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Empirical Essay

1. Empirical Essay Overview

Goals: This empirical essay is aimed to improve your learning experience and train practical skills such as effective written communication, critical thinking and applying knowledge to real world issues. Importantly, it provides you a stepping stone to the dissertation. You are expected to apply the OLS estimation to a regression model to analyse the real world data.

Timeline: The essay and the corresponding Eviews file is due on Wednesday.

Format: The essay shall use:
 2.54cm(1‐inch) top, bottom, left and right margins,
 1.5 line spacing,
 Font Times New Roman size 12, and
 The maximum number of pages: 10 pages for the main text (from introduction to bibliography) and up to 3 pages for appendix. The main text shall include any important graph and data tables. Any detailed and additional information can be provided in the appendix. Note an appendix is not compulsory.

Successful Project: In content, a successful project will make a good use of the estimation and hypothesis testing method introduced in class. In presentation/writing quality, a successful project will not only comply with the above formatting criteria but also meet standards of good paper writing.

Data source suggestions: It is advisable to consider macroeconomic variables, which are easy to collect from websites.

 The followed website may be a helpful data source‐economy for UK data for data from countries all over the world for UK data for Euro area data for US data
Reuters T.1 database (computers in Gask 202 can be used following instructions on the Library Electronic Data sources pages)

 Make sure to reference all sources that you use!
Choice of topics: Any model/theory that describes the relationship among variables can be considered as long as relevant data are available. Followed are some examples on topics that you can consider:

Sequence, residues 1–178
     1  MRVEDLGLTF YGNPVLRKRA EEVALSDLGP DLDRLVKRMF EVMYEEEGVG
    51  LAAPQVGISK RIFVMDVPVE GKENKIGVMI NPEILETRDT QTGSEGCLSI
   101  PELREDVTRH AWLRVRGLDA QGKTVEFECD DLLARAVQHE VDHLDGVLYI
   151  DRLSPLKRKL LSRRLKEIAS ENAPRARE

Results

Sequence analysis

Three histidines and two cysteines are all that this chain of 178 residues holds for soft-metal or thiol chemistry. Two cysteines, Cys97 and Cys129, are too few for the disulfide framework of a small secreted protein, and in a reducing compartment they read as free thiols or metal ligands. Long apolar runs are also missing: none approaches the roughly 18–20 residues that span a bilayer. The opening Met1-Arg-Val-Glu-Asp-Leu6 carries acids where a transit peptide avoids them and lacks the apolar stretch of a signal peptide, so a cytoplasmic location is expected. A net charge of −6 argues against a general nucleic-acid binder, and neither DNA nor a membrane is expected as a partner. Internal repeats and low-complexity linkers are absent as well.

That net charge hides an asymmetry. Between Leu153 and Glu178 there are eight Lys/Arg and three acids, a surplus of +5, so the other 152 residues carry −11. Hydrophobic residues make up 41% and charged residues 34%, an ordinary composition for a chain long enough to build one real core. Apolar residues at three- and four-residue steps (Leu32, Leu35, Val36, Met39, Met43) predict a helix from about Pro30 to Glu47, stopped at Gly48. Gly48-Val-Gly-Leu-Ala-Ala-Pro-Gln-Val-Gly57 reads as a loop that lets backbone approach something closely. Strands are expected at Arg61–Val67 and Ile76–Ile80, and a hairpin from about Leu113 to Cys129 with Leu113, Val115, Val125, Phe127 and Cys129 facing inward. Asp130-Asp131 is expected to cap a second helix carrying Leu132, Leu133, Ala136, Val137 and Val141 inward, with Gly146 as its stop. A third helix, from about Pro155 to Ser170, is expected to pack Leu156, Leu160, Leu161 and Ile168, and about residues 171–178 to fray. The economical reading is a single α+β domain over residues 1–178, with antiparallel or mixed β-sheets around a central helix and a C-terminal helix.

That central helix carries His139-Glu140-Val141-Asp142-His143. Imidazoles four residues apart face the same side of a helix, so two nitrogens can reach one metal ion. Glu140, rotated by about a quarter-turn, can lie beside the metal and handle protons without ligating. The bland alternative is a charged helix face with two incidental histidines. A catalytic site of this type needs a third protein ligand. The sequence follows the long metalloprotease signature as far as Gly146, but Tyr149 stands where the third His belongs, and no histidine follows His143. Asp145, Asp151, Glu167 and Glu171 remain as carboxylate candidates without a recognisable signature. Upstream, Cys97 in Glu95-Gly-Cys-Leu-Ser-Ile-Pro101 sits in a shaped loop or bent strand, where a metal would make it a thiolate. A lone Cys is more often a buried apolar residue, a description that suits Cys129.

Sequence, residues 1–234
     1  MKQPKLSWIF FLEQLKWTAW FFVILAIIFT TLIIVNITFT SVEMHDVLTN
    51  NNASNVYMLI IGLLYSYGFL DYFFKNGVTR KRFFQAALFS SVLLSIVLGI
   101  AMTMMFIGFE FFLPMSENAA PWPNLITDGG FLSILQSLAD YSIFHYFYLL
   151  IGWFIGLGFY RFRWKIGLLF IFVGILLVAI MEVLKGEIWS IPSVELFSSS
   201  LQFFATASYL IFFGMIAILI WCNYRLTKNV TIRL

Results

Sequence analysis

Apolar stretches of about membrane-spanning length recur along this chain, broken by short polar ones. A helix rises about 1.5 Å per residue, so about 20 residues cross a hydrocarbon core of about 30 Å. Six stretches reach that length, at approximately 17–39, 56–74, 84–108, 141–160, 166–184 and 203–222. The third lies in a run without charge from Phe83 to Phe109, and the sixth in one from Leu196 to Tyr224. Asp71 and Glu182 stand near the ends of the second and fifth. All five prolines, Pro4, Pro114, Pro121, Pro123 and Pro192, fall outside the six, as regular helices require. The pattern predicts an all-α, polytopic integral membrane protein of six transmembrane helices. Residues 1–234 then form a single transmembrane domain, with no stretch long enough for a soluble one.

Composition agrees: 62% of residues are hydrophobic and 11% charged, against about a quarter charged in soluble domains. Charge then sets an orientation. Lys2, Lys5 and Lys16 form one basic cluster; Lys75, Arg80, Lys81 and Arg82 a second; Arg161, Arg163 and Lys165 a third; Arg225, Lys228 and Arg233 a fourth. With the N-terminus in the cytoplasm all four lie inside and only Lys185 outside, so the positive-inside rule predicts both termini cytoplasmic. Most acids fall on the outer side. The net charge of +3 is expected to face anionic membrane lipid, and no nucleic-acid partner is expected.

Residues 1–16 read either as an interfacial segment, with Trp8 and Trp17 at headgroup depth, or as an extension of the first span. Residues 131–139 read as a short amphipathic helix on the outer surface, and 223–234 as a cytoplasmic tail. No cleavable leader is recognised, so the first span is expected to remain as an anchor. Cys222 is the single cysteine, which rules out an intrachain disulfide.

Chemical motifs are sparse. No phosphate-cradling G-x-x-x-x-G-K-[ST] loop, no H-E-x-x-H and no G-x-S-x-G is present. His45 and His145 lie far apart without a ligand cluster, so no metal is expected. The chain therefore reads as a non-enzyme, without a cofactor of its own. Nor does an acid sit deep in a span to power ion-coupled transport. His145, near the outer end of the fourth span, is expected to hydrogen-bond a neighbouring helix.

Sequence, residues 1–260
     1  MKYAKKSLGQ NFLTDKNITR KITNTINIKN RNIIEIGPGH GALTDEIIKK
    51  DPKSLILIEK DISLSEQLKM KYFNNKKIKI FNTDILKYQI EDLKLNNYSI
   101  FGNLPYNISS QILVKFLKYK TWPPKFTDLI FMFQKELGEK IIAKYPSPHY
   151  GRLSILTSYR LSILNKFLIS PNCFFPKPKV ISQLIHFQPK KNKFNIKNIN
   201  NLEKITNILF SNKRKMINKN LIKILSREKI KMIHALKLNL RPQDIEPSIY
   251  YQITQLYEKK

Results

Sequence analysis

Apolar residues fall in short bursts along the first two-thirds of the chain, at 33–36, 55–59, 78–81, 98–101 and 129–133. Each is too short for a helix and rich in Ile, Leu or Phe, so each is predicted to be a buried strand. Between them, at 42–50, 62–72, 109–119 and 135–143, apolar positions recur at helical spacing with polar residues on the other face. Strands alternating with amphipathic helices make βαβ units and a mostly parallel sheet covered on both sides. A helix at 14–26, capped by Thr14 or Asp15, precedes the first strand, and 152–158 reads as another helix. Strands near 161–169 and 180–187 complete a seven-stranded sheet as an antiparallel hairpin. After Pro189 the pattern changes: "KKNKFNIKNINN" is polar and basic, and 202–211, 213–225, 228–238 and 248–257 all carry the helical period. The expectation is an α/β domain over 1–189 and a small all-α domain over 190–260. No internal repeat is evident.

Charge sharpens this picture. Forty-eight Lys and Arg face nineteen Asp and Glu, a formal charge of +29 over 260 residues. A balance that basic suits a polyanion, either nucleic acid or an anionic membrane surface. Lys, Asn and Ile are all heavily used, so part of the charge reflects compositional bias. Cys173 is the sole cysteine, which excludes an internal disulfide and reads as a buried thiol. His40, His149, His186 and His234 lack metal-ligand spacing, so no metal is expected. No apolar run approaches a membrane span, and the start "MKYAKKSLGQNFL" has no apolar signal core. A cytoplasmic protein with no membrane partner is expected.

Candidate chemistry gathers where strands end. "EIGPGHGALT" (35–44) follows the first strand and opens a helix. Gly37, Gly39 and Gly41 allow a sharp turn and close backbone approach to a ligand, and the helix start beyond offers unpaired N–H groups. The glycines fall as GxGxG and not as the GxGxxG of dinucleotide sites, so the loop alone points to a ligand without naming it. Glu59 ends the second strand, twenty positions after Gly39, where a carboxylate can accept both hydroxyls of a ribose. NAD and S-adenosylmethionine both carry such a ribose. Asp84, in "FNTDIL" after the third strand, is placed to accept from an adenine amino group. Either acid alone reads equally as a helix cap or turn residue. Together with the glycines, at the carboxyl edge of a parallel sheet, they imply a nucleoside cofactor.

 Feldstein‐Horioka Puzzle: This is about the relationship between investment (as a ratio to GDP) and savings (as a ratio to GDP)

 The relationship between interest rates and the growth rate of housing prices
 The relationship between a company stock return and an index (CAPM)

2. Empirical Essay: Structure of the project

This section gives you a guideline as to how you should present your project. It needs to look professional and consistent throughout.
A guide on how to write Economic Essay can be found in BBL. Please refer to section 17 of “A Guide to Writing in Economics” by Paul Dudenhefer for detailed guidance on how to present and discuss results.

Empirical Essay: Introduction

The introduction sets the scene for the main body of the project. It raises the questions that inspired your research interest and sets them in context. Whether the research is inspired by a contemporary issue or by a (technical) problem raised in the academic literature, it should be put in its broader conceptual context. Give a brief explanation of what you are doing in this essay (summarise the question), what you aim to
achieve. Following aims and objectives, adopted methodology shall be described and potential contributions  of the essay are explained. The final paragraph in the introduction is typically a brief list of the sections of the essay and their contents.